Car reservation

Como Park should start charging money for parking

Como Park is undoubtedly one of the most beautiful public attractions in the Twin Cities. Living less than two miles away and with a bunch of new kids in the family, I’ve come to appreciate her more over the past busy pandemic year.

This Boxing Day I took another trip to the zoo and conservatory and loved showing St. Paul to a family visiting from Utah. Somewhere between the wolves and the room full of ferns, my brother-in-law stopped and turned towards me.

“Wait, is this all free?” He asked, astonished.

“Yes, they are asking for donations, but anyone can come,” I said, quickly putting $ 20 in the donation bin.

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The fact that the zoo, conservatory and park are free reflects an incredible legacy for St. Paul, where public infrastructure and philanthropy provide invaluable recreation and education for everyone, regardless of income.

But there is a problem. Thinking about the role of the conservatory and the zoo, locally and globally, I have long thought that the same principle should not apply to car parks. Especially at a time when man-made climate change is triggering mass extinction, it’s time for Como’s attractions to do more to incentivize low-carbon transport. They could start by charging money for the storage of the car.

History of the park

The park of Como itself dates back to 1873, when land was set aside at the behest of the legendary 19th century park guru Horace Cleveland (whose architectural cachet is everywhere in Minneapolis and Saint-Paul). St. Paul purchased 257 acres of land around Lake Como, and it quickly became the ambitious centerpiece of the city’s planned park and walk system. (Prior to that, the lake was known as Sandy Lake and had served as an average rural spa resort.)

The park itself and the neighborhood around it only took off when the railways and streetcars arrived. The first area to develop was a small railroad suburb called Warrendale which was developed along a first railway line connecting the Twin Cities. In other words, the park and its attractions were transit-based and remained so for much of the 20th century, although early auto drivers were certainly encouraged to drive recreationally along. newly paved roads.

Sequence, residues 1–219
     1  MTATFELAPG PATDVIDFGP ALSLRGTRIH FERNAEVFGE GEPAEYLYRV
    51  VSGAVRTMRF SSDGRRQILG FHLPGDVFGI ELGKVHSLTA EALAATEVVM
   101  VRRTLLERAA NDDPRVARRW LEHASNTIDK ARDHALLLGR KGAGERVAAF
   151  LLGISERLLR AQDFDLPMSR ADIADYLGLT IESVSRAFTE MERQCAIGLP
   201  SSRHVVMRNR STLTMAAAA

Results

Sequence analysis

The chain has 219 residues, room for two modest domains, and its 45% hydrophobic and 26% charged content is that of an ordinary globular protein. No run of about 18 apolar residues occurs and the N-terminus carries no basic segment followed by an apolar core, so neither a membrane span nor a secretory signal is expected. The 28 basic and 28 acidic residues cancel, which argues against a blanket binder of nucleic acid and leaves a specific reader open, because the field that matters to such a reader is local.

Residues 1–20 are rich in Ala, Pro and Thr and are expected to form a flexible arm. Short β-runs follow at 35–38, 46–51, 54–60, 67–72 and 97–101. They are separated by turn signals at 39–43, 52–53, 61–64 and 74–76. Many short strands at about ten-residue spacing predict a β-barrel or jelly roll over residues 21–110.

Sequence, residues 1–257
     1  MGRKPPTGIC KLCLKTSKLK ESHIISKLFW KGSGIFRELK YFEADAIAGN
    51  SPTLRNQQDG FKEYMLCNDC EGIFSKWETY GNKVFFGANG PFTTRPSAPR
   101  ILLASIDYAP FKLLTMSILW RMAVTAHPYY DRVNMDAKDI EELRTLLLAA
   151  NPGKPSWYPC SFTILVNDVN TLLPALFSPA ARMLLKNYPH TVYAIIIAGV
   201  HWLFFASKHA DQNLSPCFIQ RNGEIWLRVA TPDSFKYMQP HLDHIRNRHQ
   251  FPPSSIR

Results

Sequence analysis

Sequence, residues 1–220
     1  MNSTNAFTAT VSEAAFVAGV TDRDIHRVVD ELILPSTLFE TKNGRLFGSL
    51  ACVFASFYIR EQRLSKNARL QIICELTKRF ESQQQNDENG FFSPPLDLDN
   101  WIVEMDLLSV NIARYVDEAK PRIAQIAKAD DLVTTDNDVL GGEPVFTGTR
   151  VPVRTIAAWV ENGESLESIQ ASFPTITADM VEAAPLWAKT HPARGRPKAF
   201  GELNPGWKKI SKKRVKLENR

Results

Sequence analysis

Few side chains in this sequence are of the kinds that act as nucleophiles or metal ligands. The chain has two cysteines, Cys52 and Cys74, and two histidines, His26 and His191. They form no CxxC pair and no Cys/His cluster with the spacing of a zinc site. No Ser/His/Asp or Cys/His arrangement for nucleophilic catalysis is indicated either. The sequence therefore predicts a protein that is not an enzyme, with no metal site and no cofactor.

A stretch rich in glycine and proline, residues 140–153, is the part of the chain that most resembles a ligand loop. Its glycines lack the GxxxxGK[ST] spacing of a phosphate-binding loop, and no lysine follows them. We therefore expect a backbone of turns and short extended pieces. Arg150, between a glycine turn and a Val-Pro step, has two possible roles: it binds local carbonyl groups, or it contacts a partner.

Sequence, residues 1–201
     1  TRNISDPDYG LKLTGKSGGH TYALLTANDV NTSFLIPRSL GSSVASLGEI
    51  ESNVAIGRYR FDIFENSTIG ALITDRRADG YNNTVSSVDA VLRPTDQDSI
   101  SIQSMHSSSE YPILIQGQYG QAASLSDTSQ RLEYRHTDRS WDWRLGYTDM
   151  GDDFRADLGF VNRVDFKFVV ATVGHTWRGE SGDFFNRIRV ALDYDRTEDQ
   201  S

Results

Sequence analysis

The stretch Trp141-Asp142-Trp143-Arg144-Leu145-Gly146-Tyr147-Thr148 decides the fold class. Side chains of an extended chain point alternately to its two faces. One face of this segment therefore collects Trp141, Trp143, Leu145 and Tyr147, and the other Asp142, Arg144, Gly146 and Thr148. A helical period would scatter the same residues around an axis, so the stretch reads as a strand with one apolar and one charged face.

The connection between public transport and Como Park was so strong that Como’s first lakeside pavilion was built by the St. Paul tram line. (The current building is a faithful recreation of the original.) And thousands of people visited the park via the Como-Harriet tram, one of the city’s most used lines, which conveniently stopped in the middle of the park. The existing tram station and historic bridge still sits across a hill and clearing from the zoo and conservatory, northeast of the intersection of Como and Lexington.

Courtesy of the Minnesota Historical Society

The existing tram station and historic bridge are still just across a hill and clearing from the zoo and conservatory, as they do in this 1906 photo.

Climate targets

Things changed in the second half of the 20th century, and today the vast majority of people go to the park’s attractions individually. This means that parking has always been a bugaboo in Como. The city has completed dozens of transportation and traffic studies over the years, every decade or so for a lifetime, and more recently in 2011. The latest expansion, in 2015, came when the city’s parks department expanded surface parking lots around McMurray Fields and did the same along the southern ball fields, paving parks and creating more space for vehicle parking. Each year, to reduce parking demand, the city runs a free shuttle to take visitors about half a mile from the center of the park to the sprawling asphalt lots alongside the state fairgrounds, a major city expense.